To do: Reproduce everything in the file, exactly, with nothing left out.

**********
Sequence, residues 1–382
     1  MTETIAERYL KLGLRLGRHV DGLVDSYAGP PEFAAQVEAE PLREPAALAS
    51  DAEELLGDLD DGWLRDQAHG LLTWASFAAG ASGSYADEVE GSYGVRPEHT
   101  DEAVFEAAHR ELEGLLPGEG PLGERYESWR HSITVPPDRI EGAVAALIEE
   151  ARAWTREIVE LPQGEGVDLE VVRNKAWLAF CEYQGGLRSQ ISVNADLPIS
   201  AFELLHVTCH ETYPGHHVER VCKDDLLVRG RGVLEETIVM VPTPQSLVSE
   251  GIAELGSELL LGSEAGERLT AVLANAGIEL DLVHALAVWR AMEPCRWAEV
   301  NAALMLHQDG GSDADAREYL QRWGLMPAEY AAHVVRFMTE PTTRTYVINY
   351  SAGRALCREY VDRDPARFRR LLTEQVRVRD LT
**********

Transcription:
Sequence, residues 1–382
     1  MTETIAERYL KLGLRLGRHV DGLVDSYAGP PEFAAQVEAE PLREPAALAS
    51  DAEELLGDLD DGWLRDQAHG LLTWASFAAG ASGSYADEVE GSYGVRPEHT
   101  DEAVFEAAHR ELEGLLPGEG PLGERYESWR HSITVPPDRI EGAVAALIEE
   151  ARAWTREIVE LPQGEGVDLE VVRNKAWLAF CEYQGGLRSQ ISVNADLPIS
   201  AFELLHVTCH ETYPGHHVER VCKDDLLVRG RGVLEETIVM VPTPQSLVSE
   251  GIAELGSELL LGSEAGERLT AVLANAGIEL DLVHALAVWR AMEPCRWAEV
   301  NAALMLHQDG GSDADAREYL QRWGLMPAEY AAHVVRFMTE PTTRTYVINY
   351  SAGRALCREY VDRDPARFRR LLTEQVRVRD LT